Cuban political and military overtures to the Caribbean's newest government has provoked a strong U.S. diplomatic response that many here believe may succeed only in pushing Grenada farther to the left.
In the six weeks since leftist opposition leaders overthrew its widely unpopular government, this small volcanic island has become the site of a struggle for influence that the United States appears to be losing.
The reason, according to Grenada's new Prime Minister Maurice Bishop, is that countries like Cuba have "helped us to deliver the goods" of a so far successful popular revolution by quickly sending diplomats, aid and arms in response to calls for help directed to the world at large.
The United States, on the other hand, has mainly expressed "concern" and "displeasure" over close Cuba-Grenada ties, and regret that the U.S. budget this year does not contain funds for bilateral assistance to Grenada.
As a result, public opinion here, even among those who profess to be nervous themselves over Cuban influence, has decided overwhelmingly that the United States is a bully, and a stingy one to boot.
A number of the approximately 300-strong community of U.S. citizens living here agree. In letters to the island newspaper, as well as directly to President Carter and other U.S. officials, they have accused U.S. diplomats here of a "lack of sensitivity to the situation in Grenada, a lack of understanding of what [is] really going on, plus [a] patronizing attitude."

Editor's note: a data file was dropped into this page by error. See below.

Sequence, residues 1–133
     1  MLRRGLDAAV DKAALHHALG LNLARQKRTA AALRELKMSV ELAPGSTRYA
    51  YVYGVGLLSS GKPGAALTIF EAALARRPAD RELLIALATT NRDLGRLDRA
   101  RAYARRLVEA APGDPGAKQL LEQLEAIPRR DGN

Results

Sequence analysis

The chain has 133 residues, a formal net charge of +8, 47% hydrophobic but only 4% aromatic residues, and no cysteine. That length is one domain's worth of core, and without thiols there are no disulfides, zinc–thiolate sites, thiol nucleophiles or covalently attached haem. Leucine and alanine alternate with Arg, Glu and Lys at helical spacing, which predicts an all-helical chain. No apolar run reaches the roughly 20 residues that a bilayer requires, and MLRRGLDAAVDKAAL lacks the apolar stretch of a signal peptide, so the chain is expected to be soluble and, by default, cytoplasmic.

The unlikely scene of the big-power regional struggle is an isolated 133-square-mile patch of hills and jungle off the coast of Venezuela where approximately 100,000 people eke out a living from tourism and exports of bananas, nutmeg and cocoa.
For years, Grenada endured the erratic rule of Sir Eric Gairy, who had long run the country as a British colony and then became prime minister on independence in 1974, with little notice from the rest of the world.
While Gairy had been a Caribbean embarrassment known primarily for giving United Nations speeches on behalf of flying saucers, squandering the national funds and repressing his political opponents, few other countries had ever taken either him or Grenada seriously enough to express any particular concern.
Gairy was away on one of his United Nations visits on March 13 when Bishop, a 34-year-old British trained attorney, and other members of the opposition New Jewel Movement quickly and efficiently arrested most of his government and troops and proclaimed themselves the new revolutionary government.
The coup sent shock waves through the rest of the English-speaking Caribbean, a fiercely democratic region that had never before experienced a violent change in government, but most Grenadians seemed overjoyed.
The new leaders quickly soothed regional fears by calling for early elections and announcing their respect for human rights and private property. They politely expressed "deep regret" for two deaths during the brief takeover fighting, and invited the local and international press to visit their approximately 80 prisoners on a tour conducted by Bishop's wife.